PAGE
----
So I read the subject line and think, "what the huh?" Click
I have a complete set of Thomas Register of American Manufacturers 2003.
So something that lists companies? I don't know what I'd do with this, but I suppose I could start junk mailing people (I'm always hoping the Free Stuff section will give me insight into possible new professions, based on crap people no longer need). 2003, though? Doesn't a lot happen in five years? I mean, I don't want to send my circulars to a Production Manager who was fired 3 years ago. Sure, it's free, but it might end up costing a lot in wasted postage: "Return to sender -
does not exist at the address provided."
Also known as the "big green books" and "Thomas Registry", is a multi-volume directory of industrial product information covering 650,000 distributors, manufacturers and service companies within 67,000-plus industrial categories.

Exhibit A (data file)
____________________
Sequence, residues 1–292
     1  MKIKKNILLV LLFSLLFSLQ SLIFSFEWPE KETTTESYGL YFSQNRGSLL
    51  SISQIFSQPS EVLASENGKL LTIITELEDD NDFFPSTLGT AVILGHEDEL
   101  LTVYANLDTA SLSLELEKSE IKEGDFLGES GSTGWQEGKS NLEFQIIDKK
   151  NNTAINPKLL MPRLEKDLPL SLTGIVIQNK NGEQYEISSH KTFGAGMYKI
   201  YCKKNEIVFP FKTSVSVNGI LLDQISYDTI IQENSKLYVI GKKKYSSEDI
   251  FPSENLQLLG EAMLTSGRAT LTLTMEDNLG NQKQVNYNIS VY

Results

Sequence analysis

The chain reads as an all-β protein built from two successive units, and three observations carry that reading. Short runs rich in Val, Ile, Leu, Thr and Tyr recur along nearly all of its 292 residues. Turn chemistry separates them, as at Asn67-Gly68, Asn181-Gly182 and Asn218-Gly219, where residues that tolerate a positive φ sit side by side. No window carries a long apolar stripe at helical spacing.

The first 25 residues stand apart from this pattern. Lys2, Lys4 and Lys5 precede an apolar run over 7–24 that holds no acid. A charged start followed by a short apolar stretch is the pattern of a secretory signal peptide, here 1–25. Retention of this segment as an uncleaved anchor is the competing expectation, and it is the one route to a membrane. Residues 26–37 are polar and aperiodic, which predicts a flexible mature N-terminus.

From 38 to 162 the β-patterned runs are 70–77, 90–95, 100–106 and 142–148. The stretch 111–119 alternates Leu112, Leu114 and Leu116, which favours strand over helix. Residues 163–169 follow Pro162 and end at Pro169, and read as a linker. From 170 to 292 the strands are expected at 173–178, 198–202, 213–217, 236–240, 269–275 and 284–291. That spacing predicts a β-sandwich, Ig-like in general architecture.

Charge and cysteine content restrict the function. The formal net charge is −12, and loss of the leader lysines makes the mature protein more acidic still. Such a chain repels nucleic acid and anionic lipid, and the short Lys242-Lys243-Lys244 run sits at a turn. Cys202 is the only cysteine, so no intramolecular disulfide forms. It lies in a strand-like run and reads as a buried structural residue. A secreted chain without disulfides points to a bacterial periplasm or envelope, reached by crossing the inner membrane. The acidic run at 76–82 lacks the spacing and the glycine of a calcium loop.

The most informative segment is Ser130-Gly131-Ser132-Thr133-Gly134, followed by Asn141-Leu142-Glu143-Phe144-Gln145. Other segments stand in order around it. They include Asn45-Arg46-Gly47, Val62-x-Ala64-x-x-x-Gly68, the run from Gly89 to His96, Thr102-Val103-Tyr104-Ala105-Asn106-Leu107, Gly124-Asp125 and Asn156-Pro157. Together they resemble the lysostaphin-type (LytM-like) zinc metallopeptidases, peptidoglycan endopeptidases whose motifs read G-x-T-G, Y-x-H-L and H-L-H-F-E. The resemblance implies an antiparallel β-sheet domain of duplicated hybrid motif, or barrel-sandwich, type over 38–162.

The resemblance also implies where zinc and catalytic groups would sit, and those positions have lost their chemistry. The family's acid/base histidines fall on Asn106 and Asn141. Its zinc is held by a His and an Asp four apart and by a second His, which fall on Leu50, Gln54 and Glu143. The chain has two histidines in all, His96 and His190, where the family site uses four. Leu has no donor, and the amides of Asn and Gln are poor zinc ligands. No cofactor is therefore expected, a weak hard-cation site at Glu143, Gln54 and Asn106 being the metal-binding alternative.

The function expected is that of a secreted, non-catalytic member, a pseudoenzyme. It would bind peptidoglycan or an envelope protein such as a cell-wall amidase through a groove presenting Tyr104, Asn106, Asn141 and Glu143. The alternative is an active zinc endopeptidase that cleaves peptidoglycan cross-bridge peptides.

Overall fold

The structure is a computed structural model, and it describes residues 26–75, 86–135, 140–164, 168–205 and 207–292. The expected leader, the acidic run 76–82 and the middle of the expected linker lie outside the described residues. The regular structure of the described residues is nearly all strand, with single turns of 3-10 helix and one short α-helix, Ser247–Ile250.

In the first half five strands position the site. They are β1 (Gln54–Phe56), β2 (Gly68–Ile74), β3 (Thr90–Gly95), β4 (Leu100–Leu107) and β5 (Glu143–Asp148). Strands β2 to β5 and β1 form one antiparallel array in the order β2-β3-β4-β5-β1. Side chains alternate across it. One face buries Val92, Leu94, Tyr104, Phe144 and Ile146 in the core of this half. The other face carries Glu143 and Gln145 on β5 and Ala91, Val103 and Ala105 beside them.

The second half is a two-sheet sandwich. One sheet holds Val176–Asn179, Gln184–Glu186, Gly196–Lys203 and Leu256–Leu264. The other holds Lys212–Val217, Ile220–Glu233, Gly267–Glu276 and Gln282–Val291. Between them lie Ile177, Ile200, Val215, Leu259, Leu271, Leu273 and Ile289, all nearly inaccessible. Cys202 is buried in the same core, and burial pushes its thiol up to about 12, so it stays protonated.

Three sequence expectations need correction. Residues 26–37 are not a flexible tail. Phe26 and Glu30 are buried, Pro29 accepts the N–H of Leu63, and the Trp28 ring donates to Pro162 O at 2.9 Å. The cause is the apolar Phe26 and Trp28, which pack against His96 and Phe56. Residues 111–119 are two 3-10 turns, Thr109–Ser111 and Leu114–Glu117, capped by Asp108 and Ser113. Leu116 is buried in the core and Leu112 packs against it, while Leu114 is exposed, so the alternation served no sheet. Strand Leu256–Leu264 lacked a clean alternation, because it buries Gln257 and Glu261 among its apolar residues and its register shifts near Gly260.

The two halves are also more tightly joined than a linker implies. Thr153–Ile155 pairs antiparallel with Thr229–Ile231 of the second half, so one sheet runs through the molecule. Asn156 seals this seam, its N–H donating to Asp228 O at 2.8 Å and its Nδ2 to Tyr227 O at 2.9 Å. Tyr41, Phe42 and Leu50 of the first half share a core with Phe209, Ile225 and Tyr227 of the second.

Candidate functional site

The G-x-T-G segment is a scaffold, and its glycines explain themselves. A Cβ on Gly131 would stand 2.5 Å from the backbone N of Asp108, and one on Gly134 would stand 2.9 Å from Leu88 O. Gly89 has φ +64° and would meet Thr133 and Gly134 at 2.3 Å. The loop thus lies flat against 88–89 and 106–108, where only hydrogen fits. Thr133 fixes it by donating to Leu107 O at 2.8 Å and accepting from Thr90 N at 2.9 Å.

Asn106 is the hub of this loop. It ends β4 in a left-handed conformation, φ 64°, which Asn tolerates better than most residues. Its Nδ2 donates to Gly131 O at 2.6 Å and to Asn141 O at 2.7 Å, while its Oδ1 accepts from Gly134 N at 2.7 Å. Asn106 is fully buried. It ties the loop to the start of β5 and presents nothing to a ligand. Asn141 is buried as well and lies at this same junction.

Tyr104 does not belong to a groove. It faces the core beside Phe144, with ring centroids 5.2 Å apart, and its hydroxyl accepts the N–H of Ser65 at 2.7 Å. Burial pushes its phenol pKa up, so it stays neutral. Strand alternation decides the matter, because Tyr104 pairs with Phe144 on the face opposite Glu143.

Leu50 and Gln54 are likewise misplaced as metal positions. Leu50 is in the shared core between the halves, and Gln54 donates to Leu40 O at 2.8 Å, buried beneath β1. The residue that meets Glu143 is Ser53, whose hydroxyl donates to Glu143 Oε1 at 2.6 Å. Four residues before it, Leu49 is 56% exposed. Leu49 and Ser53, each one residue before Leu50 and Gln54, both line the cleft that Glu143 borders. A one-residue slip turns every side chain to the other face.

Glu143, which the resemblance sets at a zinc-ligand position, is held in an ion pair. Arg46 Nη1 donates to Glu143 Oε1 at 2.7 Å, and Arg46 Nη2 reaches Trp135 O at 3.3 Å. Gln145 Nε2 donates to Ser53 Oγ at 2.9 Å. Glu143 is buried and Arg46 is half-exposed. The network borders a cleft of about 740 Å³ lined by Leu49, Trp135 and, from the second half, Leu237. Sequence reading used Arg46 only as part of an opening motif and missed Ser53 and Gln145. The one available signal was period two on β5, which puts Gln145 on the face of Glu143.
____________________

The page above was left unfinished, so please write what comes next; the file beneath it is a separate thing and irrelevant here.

Well, I am a sucker for anything with a nickname - I wouldn't care about Frank Thomas if he weren't called "The Big Hurt." So, OK, you still have my attention. I can see myself saying, "let me check the 'big green books;' I'll get back to you."
It was first published in 1898 by Harvey Mark Thomas as Hardware and Kindred Trades.
Wait, this is beginning to feel like a hard sell. An appeal to history? Am I dishonoring 110 years of company-name-publishing if I don't take this? Making me feel bad isn't helping your cause. I'm getting indignant. Actually, maybe it's working. If this has been good enough to get nicknames and last 110 years, I'm kind of a dick if I don't take it.
Thomas Publishing Company, LLC of New York City has been privately-held since its inception.
Bang! Sold, for zero dollars! Yes, I was on the fence, but LLC's are my favorite business entity, and I'm a huge fan of business endeavors that are untraded on major exchanges. I really have no choice. Look out,
you've got mail!